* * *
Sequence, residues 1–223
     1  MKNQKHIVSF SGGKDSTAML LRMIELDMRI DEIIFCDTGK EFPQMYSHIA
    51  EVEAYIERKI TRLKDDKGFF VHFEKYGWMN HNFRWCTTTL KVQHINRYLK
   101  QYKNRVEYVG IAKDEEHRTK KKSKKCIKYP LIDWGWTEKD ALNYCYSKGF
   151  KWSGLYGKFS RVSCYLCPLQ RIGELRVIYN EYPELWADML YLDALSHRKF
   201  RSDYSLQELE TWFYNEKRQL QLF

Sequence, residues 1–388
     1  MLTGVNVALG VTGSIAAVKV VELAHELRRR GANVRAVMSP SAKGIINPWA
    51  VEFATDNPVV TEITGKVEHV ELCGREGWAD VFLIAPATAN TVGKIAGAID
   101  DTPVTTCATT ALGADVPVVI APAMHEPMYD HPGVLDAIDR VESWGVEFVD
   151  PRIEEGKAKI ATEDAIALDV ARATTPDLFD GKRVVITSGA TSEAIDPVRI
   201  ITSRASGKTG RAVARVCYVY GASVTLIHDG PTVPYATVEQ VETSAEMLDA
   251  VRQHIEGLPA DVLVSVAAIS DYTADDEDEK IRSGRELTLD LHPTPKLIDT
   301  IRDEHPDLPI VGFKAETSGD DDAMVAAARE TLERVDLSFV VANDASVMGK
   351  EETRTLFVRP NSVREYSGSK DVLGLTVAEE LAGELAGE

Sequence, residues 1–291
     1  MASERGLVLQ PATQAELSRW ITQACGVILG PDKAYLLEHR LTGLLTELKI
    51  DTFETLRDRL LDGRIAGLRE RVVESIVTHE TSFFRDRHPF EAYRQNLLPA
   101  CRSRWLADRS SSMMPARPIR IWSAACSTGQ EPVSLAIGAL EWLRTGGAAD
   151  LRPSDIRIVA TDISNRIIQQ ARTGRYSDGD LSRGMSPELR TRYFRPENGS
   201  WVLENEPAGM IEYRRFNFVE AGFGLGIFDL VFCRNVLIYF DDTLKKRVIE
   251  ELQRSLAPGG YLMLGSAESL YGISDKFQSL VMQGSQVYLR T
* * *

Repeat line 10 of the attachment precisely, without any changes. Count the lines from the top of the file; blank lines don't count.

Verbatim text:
   101  DTPVTTCATT ALGADVPVVI APAMHEPMYD HPGVLDAIDR VESWGVEFVD